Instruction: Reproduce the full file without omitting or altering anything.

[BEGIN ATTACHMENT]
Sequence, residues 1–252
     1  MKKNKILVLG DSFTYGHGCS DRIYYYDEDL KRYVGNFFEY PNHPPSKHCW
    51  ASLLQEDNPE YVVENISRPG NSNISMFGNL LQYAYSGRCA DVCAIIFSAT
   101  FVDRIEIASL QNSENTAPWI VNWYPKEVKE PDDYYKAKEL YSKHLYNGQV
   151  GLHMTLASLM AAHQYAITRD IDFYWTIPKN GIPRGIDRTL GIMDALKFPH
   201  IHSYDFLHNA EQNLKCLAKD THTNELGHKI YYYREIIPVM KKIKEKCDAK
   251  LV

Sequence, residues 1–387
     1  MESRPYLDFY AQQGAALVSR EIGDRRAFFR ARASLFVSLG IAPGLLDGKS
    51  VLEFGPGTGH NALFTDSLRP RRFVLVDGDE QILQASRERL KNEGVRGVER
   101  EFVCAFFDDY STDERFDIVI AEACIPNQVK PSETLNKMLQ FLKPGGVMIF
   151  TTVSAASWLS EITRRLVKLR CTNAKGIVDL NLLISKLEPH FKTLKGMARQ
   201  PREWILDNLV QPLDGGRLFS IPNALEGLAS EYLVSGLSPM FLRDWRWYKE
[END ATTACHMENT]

Sequence, residues 1–252
     1  MKKNKILVLG DSFTYGHGCS DRIYYYDEDL KRYVGNFFEY PNHPPSKHCW
    51  ASLLQEDNPE YVVENISRPG NSNISMFGNL LQYAYSGRCA DVCAIIFSAT
   101  FVDRIEIASL QNSENTAPWI VNWYPKEVKE PDDYYKAKEL YSKHLYNGQV
   151  GLHMTLASLM AAHQYAITRD IDFYWTIPKN GIPRGIDRTL GIMDALKFPH
   201  IHSYDFLHNA EQNLKCLAKD THTNELGHKI YYYREIIPVM KKIKEKCDAK
   251  LV

Sequence, residues 1–387
     1  MESRPYLDFY AQQGAALVSR EIGDRRAFFR ARASLFVSLG IAPGLLDGKS
    51  VLEFGPGTGH NALFTDSLRP RRFVLVDGDE QILQASRERL KNEGVRGVER
   101  EFVCAFFDDY STDERFDIVI AEACIPNQVK PSETLNKMLQ FLKPGGVMIF
   151  TTVSAASWLS EITRRLVKLR CTNAKGIVDL NLLISKLEPH FKTLKGMARQ
   201  PREWILDNLV QPLDGGRLFS IPNALEGLAS EYLVSGLSPM FLRDWRWYKE